In the time since, I’ve had more than a week to reflect on what I’ve actually learned in my four years at Harvard College. I must confess I’m more than a little disappointed.
Don’t get me wrong; as anyone would expect, Harvard students learn a lot of facts, concepts, and even “approaches to knowledge” that the Core tries, usually painfully, to impart. After four years at the College, I understand most of economics, can hold my own in discussions on medieval literature, and discourse on various theories of justice.
And yet I find myself far less satisfied than when I finished my last high school course.
Maybe, I thought, my disappointment was founded on a mistaken notion of what an ideal education should be. When leaving high school, feeling like you’ve learned a lot of math, science, and English is great because you’re going on to another phase of your life in which those subjects will be useful. Graduating college is different; I’m not sure the ability to discuss Habermas or Aristotle will help me in my career. In fact, I’m pretty sure it won’t.
Cliché though it may sound, the important things we learn in college are about ourselves: how we work under varying levels of pressure, how we live with others, and how we allocate our time. “No one on their deathbed,” as the old adage goes, “says ‘I wish I’d worked harder.’’’
I found that I could write 24 pages in under 24 hours and still do well. I learned that a lot of the education you get at college happens outside the classroom. And I learned how to deal with failure, even if most Harvard students don’t understand the meaning of that word until reaching adulthood.
Eighteen years of a lack of failure teaches Harvard students to avoid it at all costs; we become extremely risk-averse. Ironically, classes might teach about the risk-reward relationship, but students who are too afraid to fail can only understand the former part of that relationship after experiencing it.
Even those golden children who sail through Harvard as they’ve sailed through high school fail, in a sense. They’ve failed to experience failure, and their education is impoverished as a result. I’ve learned, sometimes painfully, to accept that it’s not possible to achieve everything and that only when we risk failure, are great gains possible.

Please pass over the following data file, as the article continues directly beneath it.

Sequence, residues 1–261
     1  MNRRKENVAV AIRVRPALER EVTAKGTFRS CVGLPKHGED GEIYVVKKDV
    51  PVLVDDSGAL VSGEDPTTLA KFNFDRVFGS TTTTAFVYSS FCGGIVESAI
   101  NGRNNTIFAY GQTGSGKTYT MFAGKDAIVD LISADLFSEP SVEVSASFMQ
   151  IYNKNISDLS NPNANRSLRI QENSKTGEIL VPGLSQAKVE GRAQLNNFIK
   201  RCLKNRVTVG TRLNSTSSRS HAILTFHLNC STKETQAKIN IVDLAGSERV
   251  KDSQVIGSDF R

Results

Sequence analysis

The most rewarding academic experiences I’ve had have been in classes for which I had absolutely no preparation. After all, what does an economics concentrator know about film or philosophy?
I went into these courses knowing that they would probably lower my grade point average and that I’d have to spend more time on them than on classes in my concentration. But because I learned not to go into these courses expecting perfection, they were all the more worthwhile.
The same is true for extracurricular activities. After initially being involved in more organizations than I could handle, I realized that a high-school-style approach just wouldn’t cut it. If nothing else, my liver simply wouldn’t be able to withstand all of the social events these clubs held!
In deciding to focus on The Crimson, I put all my eggs in one basket, knowing full well that my ambition might not be sated with a leadership position. But the decision to put all of my extra hours into the paper (and even hours that should have been dedicated to school and sleep) is the best one I made at Harvard. It gave me the best experience and friends I could ask for.
In the end, I realized that the criteria I’d been using to judge my education at Harvard were all off the mark. Even if the lessons that will be most valuable in the next chapter of my life have been those I’ve learned outside the classroom, my time at Harvard has been well spent. My only regret is that I didn’t learn the importance of taking risks earlier. That’s probably the most important lesson of all.
Nicholas A. Molina ’07 is an economics concentrator in Lowell House. He was business manager of The Crimson in 2006.